Sir Anthony Denny (16 January 1501 – 10 September 1549) was a confidant of King Henry VIII of England. Denny was the most prominent member of the Privy chamber in King Henry's last years, having together with his brother-in-law, John Gates, charge of the "dry stamp" of the King's signature, and attended the King on his deathbed. He also served as Groom of the Stool. He was a member of the Reformist circle that offset the conservative religious influence of Bishop Gardiner. He was a wealthy man, having acquired manors and former religious sites through the Court of augmentations. By 1548, he was keeper of Westminster Palace.
Anthony Denny was the second son of Sir Edmund Denny (d. 22 December 1520), a Baron of the Exchequer, by his second wife, Mary Troutbeck, the daughter and coheir of Robert Troutbeck of Bridge Trafford, Chester. He had an elder brother, Sir Thomas Denny, of How, Norfolk, who married Elizabeth Monoux, the daughter of Sir George Monoux, Lord Mayor of London, as well as two younger brothers and ten sisters.
Along with Edward Seymour, Earl of Hertford, John Dudley, Viscount Lisle, and Sir William Paget, Denny helped to finalise King Henry VIII's will upon his deathbed in 1547. Denny specifically argued to the King on several occasions against the removal of Bishop Gardiner from the will. Denny was himself the man to tell King Henry of his coming death, advising the old King "to prepare for his final agony". Denny's position gave him both the power to control who saw King Henry VIII in his last years (in which he spent excessive time in the Privy Chambers), and the power to influence, through his personal relationship with the ageing King. Along with Sir William Paget, the Principal Secretary, Denny is suspected of having fixed the choosing of the "Progressive" appeals, headed by Edward Seymour.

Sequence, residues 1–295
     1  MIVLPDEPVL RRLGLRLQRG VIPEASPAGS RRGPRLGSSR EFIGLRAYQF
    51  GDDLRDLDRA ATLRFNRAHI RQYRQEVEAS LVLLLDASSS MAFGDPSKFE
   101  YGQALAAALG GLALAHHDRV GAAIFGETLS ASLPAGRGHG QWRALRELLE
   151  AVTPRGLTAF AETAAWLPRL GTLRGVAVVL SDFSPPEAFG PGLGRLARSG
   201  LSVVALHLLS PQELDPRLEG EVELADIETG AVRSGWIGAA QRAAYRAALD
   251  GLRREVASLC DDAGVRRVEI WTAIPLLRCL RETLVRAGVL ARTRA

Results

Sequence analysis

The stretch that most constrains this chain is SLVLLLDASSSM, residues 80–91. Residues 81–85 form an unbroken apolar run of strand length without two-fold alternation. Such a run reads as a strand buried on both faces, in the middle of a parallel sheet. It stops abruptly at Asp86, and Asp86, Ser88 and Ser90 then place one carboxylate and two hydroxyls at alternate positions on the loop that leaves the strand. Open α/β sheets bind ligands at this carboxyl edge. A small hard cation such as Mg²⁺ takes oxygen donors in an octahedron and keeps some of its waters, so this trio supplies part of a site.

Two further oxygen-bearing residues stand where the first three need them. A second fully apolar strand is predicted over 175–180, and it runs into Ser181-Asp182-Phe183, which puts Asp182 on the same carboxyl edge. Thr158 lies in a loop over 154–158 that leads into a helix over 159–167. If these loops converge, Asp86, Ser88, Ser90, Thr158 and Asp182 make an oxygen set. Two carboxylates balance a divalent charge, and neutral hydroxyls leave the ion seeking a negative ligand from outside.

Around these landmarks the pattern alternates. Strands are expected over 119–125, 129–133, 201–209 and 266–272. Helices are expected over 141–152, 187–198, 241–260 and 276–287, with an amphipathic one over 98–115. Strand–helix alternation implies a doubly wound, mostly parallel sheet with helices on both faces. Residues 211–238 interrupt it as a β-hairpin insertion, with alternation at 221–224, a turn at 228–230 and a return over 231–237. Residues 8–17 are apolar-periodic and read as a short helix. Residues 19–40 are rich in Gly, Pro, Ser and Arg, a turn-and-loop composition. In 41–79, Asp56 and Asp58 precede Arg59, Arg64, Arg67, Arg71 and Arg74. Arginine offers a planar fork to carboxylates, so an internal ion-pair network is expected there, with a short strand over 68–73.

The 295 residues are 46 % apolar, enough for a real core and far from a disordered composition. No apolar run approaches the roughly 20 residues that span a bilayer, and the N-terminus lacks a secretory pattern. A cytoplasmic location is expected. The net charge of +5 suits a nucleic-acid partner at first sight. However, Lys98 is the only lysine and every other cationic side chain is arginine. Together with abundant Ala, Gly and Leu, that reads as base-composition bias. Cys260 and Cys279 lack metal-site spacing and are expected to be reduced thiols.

In 1525, Denny married Joan Champernowne, the daughter of Sir Philip Champernowne, and the close friend of King Henry VIII's wife, Queen Catherine Parr. She was also the sister of Katherine Ashley née Champernowne, the governess of the future Queen Elizabeth I. With Joan, Denny had 12 children, including:
- Henry Denny, Dean of Chester (d. 24 March 1574). He married, firstly, Honory Grey, daughter of William Grey, 13th Baron Grey de Wilton and Lady Mary Somerset. Their son was Edward Denny, 1st Earl of Norwich. His second wife was Elizabeth Grey, by whom he had a son, who died unmarried.
- Sir Edward Denny, Knight Banneret of Bishops Stortford 1547-1599, who married Margaret Edgcumbe, daughter of Sir Piers Edgcumbe (1536 - c.1607), by whom he had issue.
- Hutchinson, Robert (2006): The Last Days of Henry VIII: Conspiracy, Treason and Heresy at the Court of the dying Tyrant Phoenix ISBN 0-7538-1936-8 pp. 152–159
- HMC, 7th report, More Molyneaux Loseley, 605b.
- Rye 1891, pp. 101-2.
- Nichols 1858, pp. 208-9.
- "Denny, Anthony (DNY500A)". A Cambridge Alumni Database. University of Cambridge.
- The Last Days of Henry VIII by Robert Hutchinson, p. 154
- Hutchinson, Robert (2006): The Last Days of Henry VIII: Conspiracy, Treason and Heresy at the Court of the dying Tyrant Phoenix ISBN 0-7538-1936-8 p. 154
- Mosley, Charles, editor. Burke's Peerage, Baronetage & Knightage, 107th edition, 3 volumes (Wilmington, Delaware, U.S.A.: Burke's Peerage (Genealogical Books) Ltd, 2003), Volume I, pg. 1094.
- Nichols, John Gough, ed. (1858). The Topographer and Genealogist. III. London: John Bowyer Nichols and Sons. pp. 208–9. Retrieved 6 May 2013.
- Rye, Walter (1891). The Visitation of Norfolk. XXXII. London: Harleian Society. pp. 101–2. Retrieved 6 May 2013.
- Sil, Narasingha P. (2004). "Denny, Sir Anthony (1501–1549)". Oxford Dictionary of National Biography (online ed.). Oxford University Press. doi:10.1093/ref:odnb/7506. (Subscription or UK public library membership required.)